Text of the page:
Christian romantic suspense
She’s worth more to me dead than alive…
Devastated to learn her fiancé is nothing more than a con artist after her inheritance, Hope Pearson is seeking refuge at the Circle C ranch when her brakes give out, sending her careening into a gully and Caleb McBryde’s life.
Though her lines don’t appear cut, the ex Texas Ranger finds the circumstances surrounding her crash landing in Serenity Cove, Texas highly suspicious. For calamity seems to shadow the woman… One might say she’s an Accident Waiting to Happen.
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Copyright 2011 Trinity Hart
There was no screeching of tires, no horns bellowing in warning.
Just impact, the distinct sound of metal crashing in the rainy summer night, easily heard through the open bedroom window that drafted in humid air.
To the untrained ear, the sound might’ve been mistaken for thunder. But with twenty years in the force under his belt, a sleepless Caleb McBryde shot into preprogrammed cop-mode. Considering his newfound handicaps, he might be finished carrying a badge, could hardly be considered a superhero to the rescue. But someone out there was hurt, needed help. Badly, from the sound of it.
Heaving from bed, he tugged his jeans over his boxers, the speed he pressed for inhibited by the leg he practically drug behind him as he gathered his keys and hat. Samson, his collie pup, gave a, “Woof!” pouncing at his feet and attacking denim.
Caleb shook him off. “Sorry, boy. You can’t come along.”
A glance to the clock revealed it was ten past two in the morning. Who would be traveling at this late hour, this far out, was beyond him. Drunk teens, his guess. His brother Noah, Sheriff of Serenity Cove, had his hands full with ’em lately. Real shame, the recent problems the area was having with youths and dangerous partying. Good kids, mostly, but they were bored. Young and dumb.
God, he sent up a quick prayer, let them be okay.
Though he hated to waste time, there was no telling how long he’d be gone and Samson had an affinity for power cords. Cool sheets of rain gusted around him as he lugged the yet-to-be housebroken pup to the barn and locked him in a stall. Rushing in his awkward way, he limped to his truck and brought the rumbling engine to life, kicking up gravel as he hauled eight-cylinders down the long, lonely lane.
Minutes later, his headlights skated over a smashed-up car buried nose-first in a gully. Fear for whoever was involved washed cold over Caleb as he slammed on his brakes and thrust the truck into park. Need you now, Lord! Grabbing his heavy-duty flashlight, heart kicking into overdrive, he hopped out.
Rain besieged him, thunder cracking in the distance. From the looks of it, whoever had been driving lost control around the curve, sideswiped a tree and landed here. Drunk or high, not much debate about that.
Concern kicked in his gut as his yellow beam whisked across the car and he slid down the slippery embankment, utilizing his good leg. An American model, at least several years old, its white paint job now covered in mud, though the vehicle otherwise appeared well-kept. If he had to guess, he’d say it belonged to some punk’s clueless grandmother. “Hello there!”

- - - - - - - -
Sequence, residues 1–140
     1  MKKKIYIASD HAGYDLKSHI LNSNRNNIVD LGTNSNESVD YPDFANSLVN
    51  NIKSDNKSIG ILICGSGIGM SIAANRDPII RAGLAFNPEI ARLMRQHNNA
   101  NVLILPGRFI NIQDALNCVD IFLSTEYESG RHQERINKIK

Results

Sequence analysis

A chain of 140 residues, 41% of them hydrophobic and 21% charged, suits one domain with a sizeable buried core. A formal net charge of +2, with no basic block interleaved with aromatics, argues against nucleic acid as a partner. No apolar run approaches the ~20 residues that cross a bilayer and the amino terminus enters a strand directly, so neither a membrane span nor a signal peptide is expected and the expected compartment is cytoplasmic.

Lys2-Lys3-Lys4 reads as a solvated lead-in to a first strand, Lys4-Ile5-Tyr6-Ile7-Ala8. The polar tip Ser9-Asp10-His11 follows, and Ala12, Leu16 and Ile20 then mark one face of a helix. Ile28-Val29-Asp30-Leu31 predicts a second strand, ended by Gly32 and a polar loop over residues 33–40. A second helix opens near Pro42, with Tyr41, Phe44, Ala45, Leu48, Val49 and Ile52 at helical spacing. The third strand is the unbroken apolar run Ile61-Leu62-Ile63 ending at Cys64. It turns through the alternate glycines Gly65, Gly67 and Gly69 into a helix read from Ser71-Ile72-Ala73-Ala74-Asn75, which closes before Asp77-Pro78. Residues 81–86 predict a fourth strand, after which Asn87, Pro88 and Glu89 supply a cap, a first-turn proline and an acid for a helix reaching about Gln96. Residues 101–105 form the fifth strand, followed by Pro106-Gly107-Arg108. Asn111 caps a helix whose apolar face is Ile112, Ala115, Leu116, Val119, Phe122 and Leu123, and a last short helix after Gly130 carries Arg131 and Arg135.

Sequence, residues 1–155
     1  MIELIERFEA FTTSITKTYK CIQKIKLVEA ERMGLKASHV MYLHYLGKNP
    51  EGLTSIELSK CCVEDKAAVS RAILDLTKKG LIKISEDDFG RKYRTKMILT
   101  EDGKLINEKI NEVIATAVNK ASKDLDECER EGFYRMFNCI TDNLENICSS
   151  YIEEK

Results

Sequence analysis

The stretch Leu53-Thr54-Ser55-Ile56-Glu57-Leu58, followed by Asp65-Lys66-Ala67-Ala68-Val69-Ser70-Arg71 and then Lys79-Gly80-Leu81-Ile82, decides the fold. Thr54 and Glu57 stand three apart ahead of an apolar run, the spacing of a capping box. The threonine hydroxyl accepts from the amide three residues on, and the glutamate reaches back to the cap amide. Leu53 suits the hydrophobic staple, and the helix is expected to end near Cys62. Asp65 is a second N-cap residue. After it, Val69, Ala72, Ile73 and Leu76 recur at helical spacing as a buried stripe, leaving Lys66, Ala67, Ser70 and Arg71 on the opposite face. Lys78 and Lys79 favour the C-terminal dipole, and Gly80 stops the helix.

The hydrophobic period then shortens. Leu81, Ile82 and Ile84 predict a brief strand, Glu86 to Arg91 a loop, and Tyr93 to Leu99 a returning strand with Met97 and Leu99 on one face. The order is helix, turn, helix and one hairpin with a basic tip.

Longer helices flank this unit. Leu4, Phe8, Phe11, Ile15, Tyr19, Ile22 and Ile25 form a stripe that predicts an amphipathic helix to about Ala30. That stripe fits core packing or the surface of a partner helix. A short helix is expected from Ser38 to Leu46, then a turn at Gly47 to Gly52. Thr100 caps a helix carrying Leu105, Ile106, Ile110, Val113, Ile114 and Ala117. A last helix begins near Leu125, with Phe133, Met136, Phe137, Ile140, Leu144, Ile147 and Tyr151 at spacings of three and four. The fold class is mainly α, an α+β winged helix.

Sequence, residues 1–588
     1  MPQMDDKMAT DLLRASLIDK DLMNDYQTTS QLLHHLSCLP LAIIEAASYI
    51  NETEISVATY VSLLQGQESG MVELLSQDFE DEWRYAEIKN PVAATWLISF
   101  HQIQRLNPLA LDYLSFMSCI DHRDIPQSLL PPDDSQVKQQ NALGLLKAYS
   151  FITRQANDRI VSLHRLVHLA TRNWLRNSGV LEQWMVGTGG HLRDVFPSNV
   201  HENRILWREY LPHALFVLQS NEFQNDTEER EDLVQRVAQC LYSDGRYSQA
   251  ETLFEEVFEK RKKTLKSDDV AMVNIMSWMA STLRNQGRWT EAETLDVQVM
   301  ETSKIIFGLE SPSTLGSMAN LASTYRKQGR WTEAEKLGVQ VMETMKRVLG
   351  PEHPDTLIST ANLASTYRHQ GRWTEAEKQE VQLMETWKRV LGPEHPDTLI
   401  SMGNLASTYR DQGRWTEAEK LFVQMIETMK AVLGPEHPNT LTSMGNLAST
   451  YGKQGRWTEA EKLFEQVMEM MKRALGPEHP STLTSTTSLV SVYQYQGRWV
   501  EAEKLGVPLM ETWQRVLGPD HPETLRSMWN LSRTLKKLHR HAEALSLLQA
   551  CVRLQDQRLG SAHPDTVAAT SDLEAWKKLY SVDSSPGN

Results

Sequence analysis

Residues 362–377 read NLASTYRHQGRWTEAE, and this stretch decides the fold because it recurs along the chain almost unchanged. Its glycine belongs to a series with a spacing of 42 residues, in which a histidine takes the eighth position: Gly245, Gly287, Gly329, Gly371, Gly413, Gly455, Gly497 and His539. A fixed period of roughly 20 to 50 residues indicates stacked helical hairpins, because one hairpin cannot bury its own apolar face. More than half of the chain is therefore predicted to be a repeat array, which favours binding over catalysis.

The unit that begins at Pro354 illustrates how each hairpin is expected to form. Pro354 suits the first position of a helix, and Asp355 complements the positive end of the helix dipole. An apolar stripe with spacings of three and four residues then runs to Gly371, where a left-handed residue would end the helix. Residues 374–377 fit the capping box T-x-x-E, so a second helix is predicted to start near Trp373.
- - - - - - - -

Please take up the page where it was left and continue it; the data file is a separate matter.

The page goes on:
He received no response as his flashlight revealed a mass of blonde ringlets pooled over the steering wheel. A lady, small in stature he gauged from the narrow slump of her shoulders. Could be a teenage girl. She wasn’t moving.
“Hey there!” Winging open the door with a creak, he placed his fingers to her neck, finding a steady pulse. As he did, she moaned and tried to lift her head. “Easy does it. Try not to move too much. What’s your name?”
“Hope.” She sat anyway, weakly pushing herself from the steering wheel and deflated airbag. “Oh, that smells.” Her fingers found the swelling on her face just beneath a pair of busted glasses, blood oozing from her delicate-looking nose. “Oh!” she wailed. “What happened?”
“You tell me, ma’am.” When she cast a pair of huge, confused eyes on him, he added, “You were in an accident.”
Talk about stating the obvious—either she had a concussion or she’d indeed blacked out on booze, though offhand she didn’t strike him as the drinking type. Nevertheless, in his previous line of work a man learned fast not to put stock in flowery dresses or innocent faces. After a while, enforcing the law made a man cynical—one part of the job Caleb wouldn’t much miss.
In any case, it was late, or rather, early. Pouring cats and dogs. Maybe she’d fallen asleep behind the wheel or any number of things. He’d best leave the judging to Jesus and concentrate on the rescuing.
“I’m going to call in your accident and we’ll see about getting you some medical attention.” He handed her his handkerchief. “Lean your head back and pinch your nose.”
With a stifled sob, she complied, tilting her head against the seat. “The car wouldn’t stop,” she explained nasally. “It just…” Fear sliced through her words. “It wouldn’t…”
Then she passed out.